CORS / Optimization Days 

HEC Montréal, May 29-31, 2023


HEC Montreal, 29 — 31 May 2023

Schedule Authors My Schedule

ASDPI Applications of Sequential Decision Problems I

May 29, 2023 10:30 AM – 12:10 PM

Location: Cogeco (blue)

4 Presentations

  • 10:30 AM - 10:55 AM

    Real-time data-driven inventory management in a hospital pharmacy

    • Ali Jafari, presenter, Polytechnique Montreal
    • Antoine Legrain, Polytechnique Montréal
    • Nadia Lahrichi, Polytechnique Montréal

    The provision of high-quality and cost-effective healthcare is a major global issue, and managing medication supply chains in hospital pharmacies is a complex task due to factors such as space limitations, demand uncertainty, and medication shelf-life. This research addresses the pharmacy inventory control problem at Centre Hospitalier de l'Université de Montréal (CHUM), Canada. This research aims to enhance the efficiency of medication inventory management within the hospital by optimizing the inventory management policy and choosing the best inventory control parameters for each group of medicines in real-time. The project involved analyzing demand and categorizing items in the care unit into fast and slow-moving products. A novel real-time data-driven inventory policy is proposed for medications at the point-of-use location in the hospital, considering demand uncertainty and space constraints. The proposed stochastic optimization model is based on the (s,S) policy, with fast-moving drugs continuously reviewed and the only ones that can initiate the CU's replenishment process, while slow-moving drugs are only reviewed when a fast-moving item needs replenishment. To solve the large stochastic problem, the model is decomposed based on the categories derived from the data, and a rolling-horizon method is implemented to capture demand fluctuations and update inventory control parameters.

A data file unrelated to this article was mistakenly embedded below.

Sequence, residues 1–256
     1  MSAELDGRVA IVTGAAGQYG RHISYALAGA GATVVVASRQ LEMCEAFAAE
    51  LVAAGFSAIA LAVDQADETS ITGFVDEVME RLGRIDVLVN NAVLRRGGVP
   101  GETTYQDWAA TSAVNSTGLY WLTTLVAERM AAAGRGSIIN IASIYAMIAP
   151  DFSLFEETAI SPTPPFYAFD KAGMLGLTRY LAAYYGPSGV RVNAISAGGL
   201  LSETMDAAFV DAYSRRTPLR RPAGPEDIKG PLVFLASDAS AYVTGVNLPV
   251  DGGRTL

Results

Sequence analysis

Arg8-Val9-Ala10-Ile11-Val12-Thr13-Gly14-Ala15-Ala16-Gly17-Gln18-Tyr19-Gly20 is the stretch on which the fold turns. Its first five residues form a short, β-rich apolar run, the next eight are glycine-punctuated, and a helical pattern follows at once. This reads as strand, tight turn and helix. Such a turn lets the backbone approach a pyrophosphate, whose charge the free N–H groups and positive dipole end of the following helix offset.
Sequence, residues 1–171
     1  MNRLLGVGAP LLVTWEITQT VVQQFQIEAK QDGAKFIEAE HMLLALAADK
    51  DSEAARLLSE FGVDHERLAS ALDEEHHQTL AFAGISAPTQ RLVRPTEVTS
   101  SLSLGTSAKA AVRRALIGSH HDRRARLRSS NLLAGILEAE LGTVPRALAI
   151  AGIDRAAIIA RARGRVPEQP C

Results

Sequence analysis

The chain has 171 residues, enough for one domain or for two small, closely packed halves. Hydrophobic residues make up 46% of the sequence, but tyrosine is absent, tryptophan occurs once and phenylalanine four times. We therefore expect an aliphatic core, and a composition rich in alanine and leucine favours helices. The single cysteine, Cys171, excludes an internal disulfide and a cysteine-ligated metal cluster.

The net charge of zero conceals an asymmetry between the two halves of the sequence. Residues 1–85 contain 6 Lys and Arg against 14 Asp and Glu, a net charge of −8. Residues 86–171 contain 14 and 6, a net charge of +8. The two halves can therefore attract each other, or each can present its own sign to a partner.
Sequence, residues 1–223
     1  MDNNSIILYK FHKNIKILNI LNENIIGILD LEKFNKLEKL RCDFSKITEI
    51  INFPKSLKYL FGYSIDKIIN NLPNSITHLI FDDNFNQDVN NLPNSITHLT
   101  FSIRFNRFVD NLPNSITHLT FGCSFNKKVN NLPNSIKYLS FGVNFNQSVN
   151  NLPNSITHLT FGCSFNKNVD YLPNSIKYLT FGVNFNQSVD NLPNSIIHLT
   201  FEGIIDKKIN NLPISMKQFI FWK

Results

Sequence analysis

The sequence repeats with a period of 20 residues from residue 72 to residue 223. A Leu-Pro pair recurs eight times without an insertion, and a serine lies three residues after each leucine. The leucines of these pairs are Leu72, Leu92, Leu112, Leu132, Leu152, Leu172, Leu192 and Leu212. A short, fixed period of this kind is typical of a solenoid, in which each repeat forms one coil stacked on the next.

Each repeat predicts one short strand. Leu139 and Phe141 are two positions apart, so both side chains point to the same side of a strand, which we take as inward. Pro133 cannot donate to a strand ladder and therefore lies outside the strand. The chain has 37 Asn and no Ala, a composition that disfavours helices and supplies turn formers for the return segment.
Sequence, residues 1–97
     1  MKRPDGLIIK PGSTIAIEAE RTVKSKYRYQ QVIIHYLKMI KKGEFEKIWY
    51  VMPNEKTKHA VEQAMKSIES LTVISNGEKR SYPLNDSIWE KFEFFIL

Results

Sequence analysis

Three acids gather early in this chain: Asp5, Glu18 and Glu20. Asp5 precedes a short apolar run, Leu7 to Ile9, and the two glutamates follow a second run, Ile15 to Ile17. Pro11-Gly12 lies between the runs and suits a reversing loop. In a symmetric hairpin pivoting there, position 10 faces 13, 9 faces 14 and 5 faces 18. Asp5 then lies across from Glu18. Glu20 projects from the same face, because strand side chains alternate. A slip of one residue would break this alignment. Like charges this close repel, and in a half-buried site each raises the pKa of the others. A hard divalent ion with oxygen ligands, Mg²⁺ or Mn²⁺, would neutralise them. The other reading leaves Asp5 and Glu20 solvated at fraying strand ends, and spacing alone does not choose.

• 10:55 AM - 11:20 AM

    A Prediction-Based Approach for Online Dynamic Appointment Scheduling: A Case Study in Radiotherapy Treatment

    • Tu-San Pham, presenter, Polytechnique Montreal
    • Antoine Legrain, Polytechnique Montréal
    • Patrick De Causmaecker, Katholieke Universiteit Leuven Campus Kortrijk
    • Louis-Martin Rousseau, Polytechnique Montréal

    Patient scheduling is a difficult task involving stochastic factors, such as the unknown arrival times of patients. Similarly, the scheduling of radiotherapy for cancer treatments needs to handle patients with different urgency levels when allocating resources. High-priority patients may arrive at any time, and there must be resources available to
    accommodate them. A common solution is to reserve a flat percentage of treatment capacity for emergency patients. However, this solution can result in overdue treatments for urgent patients, a failure to fully exploit treatment capacity, and delayed treatments for low-priority patients. This problem is especially severe in large and crowded hospitals. In this paper, we propose a prediction-based approach for online dynamic radiotherapy scheduling that dynamically adapts the present scheduling decision based on each incoming patient and the current allocation of resources. Our approach is based on a regression model trained to recognize the links between patients’ arrival patterns and their ideal waiting time in optimal off-line solutions when all future arrivals are known in advance. When our prediction-based approach is compared with flat-reservation policies, it does a better job of preventing overdue treatments for emergency patients and also maintains comparable waiting times for the other patients. We also demonstrate how our proposed approach supports explainability and interpretability in scheduling decisions using Shapley additive explanation values.